— Paula Rohrlick
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Product Details

  • ISBN-13: 9780375704048
  • Publisher: Knopf Doubleday Publishing Group
  • Publication date: 9/17/2002
  • Edition description: First Edition
  • Edition number: 1
  • Pages: 352
  • Sales rank: 190,020
  • Product dimensions: 5.10 (w) x 7.90 (h) x 0.80 (d)

Meet the Author

Oliver Sacks

Oliver Sacks is the author of Awakenings, The Man Who Mistook His Wife for a Hat, and many other books, for which he has received numerous awards, including the Hawthornden Prize, a Polk Award, and a Guggenheim Fellowship. He is a member of the American Academy of Arts and Letters, and lives in New York City, where he is a practicing neurologist.


"I think writing and language are not just to articulate or communicate, but they are also to investigate," the writer and neurologist Oliver Sacks once said. "For me, writing and medicine, writing and science, are not separate: they entail each other." Sacks grew up in a large and prodigiously gifted family of scientists; with their encouragement, he set up his own chemistry lab and spent his days in a swirl of sulfurous fumes and smoke. He was also fascinated by biographies, and spent hours poring over the lives of great scientists like Dmitri Mendeleev, Humphrey Davy,and Marie Curie. When the chaos of World War II and traumatic experiences at boarding school intruded on the "lyrical, mystical perceptions" of Sacks' childhood, he clung to scientific knowledge as a means of ordering and understanding the universe.

After his medical training at Oxford, Sacks migrated to the States to pursue a career in neurology research. But he made a clumsy lab researcher. "I was always dropping things or breaking things," he explained in a lecture, "and eventually they said: 'Get out! Go work with patients. They're less important.'" Sacks went to work at Beth Abraham Hospital in the Bronx, where he was struck by the sight of patients who had survived encephalitis lethargica, the "sleeping sickness." The patients were nearly immobile, but the nurses who cared for them insisted that there were living personalities behind the frozen masks, and Sacks believed the nurses. The story of his work with these patients is told in Sacks' 1973 book Awakenings, which inspired a movie starring Robin Williams and Robert DeNiro and also formed the basis of a play by Harold Pinter.

But Sacks is perhaps best known for his collections of case histories (The Man Who Mistook His Wife for a Hat, An Anthropologist on Mars et al.), which probe the experiences of people with disorders and rare neurological conditions. In telling their stories, he often questions our assumptions about the nature of human consciousness. Part what distinguishes Sacks' work from the traditional case study is his interest in how a patient functions with a disorder, not just how he or she is impaired by it.

Sacks has also drawn on personal experience for wonderfully resonant scientific memoirs that recall his remarkable family, people who have influenced and inspired him, and his lifelong love of medicine and physical science. Meanwhile, he continues to work with patients, to understand them through writing about them, and to point his readers toward new ways of understanding themselves. As Thomas P. Sakmar, interim president of Rockefeller University, said in awarding Sacks the Lewis Thomas Prize: "Sacks presses us to follow him into uncharted regions of human experience -- and compels us to realize, once there, that we are confronting only ourselves."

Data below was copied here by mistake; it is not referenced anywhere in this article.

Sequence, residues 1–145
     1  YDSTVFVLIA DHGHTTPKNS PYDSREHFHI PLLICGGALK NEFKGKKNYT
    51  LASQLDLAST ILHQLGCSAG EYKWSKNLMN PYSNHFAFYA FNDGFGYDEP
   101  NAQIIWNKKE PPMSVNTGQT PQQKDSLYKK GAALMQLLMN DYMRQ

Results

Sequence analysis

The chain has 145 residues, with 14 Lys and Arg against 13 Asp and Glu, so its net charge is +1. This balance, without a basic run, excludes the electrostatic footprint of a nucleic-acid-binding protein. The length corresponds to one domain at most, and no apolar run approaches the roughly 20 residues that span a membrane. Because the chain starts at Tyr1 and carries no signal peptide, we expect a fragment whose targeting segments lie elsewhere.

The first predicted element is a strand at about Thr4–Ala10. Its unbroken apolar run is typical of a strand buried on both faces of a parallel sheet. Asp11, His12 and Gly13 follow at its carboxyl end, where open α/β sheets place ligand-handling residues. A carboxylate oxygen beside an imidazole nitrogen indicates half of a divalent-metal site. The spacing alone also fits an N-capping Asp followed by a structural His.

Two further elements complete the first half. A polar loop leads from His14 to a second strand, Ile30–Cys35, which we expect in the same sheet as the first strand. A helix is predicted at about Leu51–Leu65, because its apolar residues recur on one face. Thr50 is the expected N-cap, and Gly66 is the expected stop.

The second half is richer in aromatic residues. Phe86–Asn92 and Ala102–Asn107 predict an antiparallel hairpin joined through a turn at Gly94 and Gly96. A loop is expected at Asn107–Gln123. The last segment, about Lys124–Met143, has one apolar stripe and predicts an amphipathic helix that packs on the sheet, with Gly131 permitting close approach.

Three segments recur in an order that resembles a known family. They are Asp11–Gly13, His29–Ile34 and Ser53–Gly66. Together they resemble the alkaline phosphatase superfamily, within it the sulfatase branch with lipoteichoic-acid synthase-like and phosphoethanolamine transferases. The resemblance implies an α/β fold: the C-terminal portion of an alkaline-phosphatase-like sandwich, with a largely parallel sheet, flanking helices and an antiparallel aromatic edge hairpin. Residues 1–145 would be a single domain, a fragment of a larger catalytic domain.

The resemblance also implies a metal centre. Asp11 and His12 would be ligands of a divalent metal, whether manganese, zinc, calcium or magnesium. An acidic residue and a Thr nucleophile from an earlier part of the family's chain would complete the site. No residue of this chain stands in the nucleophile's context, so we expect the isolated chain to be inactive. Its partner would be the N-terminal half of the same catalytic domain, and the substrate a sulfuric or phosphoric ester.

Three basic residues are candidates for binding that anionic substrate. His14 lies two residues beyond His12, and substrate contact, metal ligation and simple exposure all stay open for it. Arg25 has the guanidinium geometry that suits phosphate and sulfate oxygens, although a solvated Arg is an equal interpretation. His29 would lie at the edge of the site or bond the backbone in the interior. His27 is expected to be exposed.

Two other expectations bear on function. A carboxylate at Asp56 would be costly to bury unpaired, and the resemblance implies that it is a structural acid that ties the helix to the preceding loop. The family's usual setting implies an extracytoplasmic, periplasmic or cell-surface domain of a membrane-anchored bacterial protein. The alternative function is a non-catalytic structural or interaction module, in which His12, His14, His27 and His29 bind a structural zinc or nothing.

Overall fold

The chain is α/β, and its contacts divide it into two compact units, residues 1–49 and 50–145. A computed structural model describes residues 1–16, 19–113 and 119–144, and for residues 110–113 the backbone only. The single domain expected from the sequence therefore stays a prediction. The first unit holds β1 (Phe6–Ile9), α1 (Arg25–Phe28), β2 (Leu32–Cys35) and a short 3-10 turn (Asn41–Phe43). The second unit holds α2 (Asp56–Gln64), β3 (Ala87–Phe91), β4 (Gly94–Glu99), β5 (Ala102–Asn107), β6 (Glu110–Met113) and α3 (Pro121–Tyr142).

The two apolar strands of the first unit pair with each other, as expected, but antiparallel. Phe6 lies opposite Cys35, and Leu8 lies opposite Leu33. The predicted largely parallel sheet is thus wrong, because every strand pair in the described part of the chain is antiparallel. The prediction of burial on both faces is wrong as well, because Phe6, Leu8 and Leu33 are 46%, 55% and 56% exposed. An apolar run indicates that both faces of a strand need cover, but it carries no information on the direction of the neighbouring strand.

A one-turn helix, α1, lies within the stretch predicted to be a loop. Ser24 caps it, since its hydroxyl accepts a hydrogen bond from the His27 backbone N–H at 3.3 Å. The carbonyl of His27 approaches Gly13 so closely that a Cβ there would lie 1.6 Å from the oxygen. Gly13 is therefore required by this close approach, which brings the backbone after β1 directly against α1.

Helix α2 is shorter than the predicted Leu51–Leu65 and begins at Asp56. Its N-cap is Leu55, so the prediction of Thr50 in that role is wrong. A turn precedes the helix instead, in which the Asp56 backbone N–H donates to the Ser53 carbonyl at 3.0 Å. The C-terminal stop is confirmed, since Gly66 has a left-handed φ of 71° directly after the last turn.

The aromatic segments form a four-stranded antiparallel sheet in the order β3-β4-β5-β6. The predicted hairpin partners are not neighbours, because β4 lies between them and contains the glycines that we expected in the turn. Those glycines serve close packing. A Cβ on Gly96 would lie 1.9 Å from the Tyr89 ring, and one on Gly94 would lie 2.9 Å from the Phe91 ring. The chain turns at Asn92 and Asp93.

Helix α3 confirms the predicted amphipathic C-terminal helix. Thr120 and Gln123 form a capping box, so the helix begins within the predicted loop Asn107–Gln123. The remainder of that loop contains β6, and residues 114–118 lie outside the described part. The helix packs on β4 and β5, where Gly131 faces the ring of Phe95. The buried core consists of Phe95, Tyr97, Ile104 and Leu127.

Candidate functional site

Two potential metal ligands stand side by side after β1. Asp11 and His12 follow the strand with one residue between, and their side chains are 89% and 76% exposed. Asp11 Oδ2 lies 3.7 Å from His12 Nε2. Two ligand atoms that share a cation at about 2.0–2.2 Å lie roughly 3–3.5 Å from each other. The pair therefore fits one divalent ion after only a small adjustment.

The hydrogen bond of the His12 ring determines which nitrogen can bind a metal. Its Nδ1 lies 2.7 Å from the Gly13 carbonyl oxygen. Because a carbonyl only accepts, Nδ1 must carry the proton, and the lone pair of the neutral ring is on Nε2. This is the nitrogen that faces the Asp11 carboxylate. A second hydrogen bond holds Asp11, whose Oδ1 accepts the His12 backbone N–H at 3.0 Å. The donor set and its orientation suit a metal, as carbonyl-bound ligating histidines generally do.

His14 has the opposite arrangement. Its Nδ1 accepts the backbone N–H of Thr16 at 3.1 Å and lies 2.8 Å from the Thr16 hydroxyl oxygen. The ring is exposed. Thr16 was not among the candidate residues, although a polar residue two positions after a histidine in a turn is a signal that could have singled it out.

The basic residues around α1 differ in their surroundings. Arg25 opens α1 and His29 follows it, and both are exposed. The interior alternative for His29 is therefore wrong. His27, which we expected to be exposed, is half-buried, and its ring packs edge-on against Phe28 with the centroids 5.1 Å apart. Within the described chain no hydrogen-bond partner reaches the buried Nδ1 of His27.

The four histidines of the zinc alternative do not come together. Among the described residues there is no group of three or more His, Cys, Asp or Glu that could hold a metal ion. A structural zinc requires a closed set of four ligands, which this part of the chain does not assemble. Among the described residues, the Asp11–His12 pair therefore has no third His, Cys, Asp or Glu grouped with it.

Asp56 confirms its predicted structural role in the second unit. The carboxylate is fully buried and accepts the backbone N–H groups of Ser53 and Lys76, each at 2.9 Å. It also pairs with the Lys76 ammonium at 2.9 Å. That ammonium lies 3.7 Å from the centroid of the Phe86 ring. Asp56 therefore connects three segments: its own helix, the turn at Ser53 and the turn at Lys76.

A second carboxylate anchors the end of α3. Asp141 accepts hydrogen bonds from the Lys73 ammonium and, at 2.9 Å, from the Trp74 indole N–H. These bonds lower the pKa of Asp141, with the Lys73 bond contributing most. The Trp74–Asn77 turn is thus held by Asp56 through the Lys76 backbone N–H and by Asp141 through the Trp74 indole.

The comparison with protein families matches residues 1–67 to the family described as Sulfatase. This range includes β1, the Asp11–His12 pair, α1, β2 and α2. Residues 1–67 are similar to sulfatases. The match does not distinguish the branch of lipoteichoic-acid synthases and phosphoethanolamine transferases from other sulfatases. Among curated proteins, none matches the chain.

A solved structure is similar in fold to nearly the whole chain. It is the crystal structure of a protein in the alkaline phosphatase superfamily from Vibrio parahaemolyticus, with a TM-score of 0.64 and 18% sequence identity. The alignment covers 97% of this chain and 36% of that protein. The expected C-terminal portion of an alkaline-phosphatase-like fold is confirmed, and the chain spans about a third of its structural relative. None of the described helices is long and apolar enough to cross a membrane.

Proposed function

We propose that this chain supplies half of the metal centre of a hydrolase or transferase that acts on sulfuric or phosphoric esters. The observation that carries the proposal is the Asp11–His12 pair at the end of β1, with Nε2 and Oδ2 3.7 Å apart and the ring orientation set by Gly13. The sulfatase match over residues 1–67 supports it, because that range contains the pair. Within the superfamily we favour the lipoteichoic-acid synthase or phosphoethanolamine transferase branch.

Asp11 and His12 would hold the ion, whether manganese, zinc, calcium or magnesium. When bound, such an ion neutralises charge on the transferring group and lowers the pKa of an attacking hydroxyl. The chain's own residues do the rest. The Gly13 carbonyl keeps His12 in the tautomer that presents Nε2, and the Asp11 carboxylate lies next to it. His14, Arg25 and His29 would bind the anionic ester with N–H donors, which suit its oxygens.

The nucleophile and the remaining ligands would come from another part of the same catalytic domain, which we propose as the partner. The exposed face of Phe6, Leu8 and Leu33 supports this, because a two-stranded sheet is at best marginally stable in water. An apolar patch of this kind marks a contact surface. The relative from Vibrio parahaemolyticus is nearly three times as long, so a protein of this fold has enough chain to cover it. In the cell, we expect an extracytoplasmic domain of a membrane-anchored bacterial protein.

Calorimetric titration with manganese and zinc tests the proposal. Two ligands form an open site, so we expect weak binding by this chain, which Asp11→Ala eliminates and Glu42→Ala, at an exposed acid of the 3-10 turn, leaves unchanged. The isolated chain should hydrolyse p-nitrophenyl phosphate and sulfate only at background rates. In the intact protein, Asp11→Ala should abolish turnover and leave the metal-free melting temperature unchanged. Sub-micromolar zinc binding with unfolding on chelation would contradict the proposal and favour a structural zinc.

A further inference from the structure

Good To Know

As a child, Sacks was fascinated by the periodic table of the elements at the Science Museum in London. His boyhood love of chemistry hasn't waned: according to an article in Wired, Sacks owns half a dozen T-shirts with the periodic table printed on them, along with periodic-table coffee mugs, tote bags and mousepads.

Sacks's memoir Uncle Tungsten inspired the creation of Theodore Gray's Periodic Table Table, a wooden table representing Mendeleev's table of the elements and containing samples of each element. Sacks later paid a visit to see the Periodic Table Table -- wearing, of course, one of his periodic-table T-shirts.

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    1. Hometown:
      New York, New York
    1. Date of Birth:
    2. Place of Birth:
      London, England
    1. Education:
      B.M., B.Ch., Queen's College, Oxford, 1958

Read an Excerpt

Chapter 1



Many of my childhood memories are of metals: these seemed to exert a power on me from the start. They stood out, conspicuous against the heterogeneousness of the world, by their shining, gleaming quality, their silveriness, their smoothness and weight. They seemed cool to the touch, and they rang when they were struck.

I loved the yellowness, the heaviness, of gold. My mother would take the wedding ring from her finger and let me handle it for a while, as she told me of its inviolacy, how it never tarnished. "Feel how heavy it is," she would add. "It's even heavier than lead." I knew what lead was, for I had handled the heavy, soft piping the plumber had left one year. Gold was soft, too, my mother told me, so it was usually combined with another metal to make it harder.